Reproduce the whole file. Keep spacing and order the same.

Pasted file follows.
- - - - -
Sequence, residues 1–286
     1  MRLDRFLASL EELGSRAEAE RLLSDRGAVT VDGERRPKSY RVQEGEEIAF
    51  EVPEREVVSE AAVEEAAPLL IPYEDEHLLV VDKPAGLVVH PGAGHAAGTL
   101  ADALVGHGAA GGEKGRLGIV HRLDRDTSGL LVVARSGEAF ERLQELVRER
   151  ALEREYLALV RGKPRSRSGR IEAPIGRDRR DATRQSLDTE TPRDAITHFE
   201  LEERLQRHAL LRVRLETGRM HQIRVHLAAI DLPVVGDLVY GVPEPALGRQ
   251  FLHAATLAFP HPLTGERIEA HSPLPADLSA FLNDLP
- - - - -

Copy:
Sequence, residues 1–286
     1  MRLDRFLASL EELGSRAEAE RLLSDRGAVT VDGERRPKSY RVQEGEEIAF
    51  EVPEREVVSE AAVEEAAPLL IPYEDEHLLV VDKPAGLVVH PGAGHAAGTL
   101  ADALVGHGAA GGEKGRLGIV HRLDRDTSGL LVVARSGEAF ERLQELVRER
   151  ALEREYLALV RGKPRSRSGR IEAPIGRDRR DATRQSLDTE TPRDAITHFE
   201  LEERLQRHAL LRVRLETGRM HQIRVHLAAI DLPVVGDLVY GVPEPALGRQ
   251  FLHAATLAFP HPLTGERIEA HSPLPADLSA FLNDLP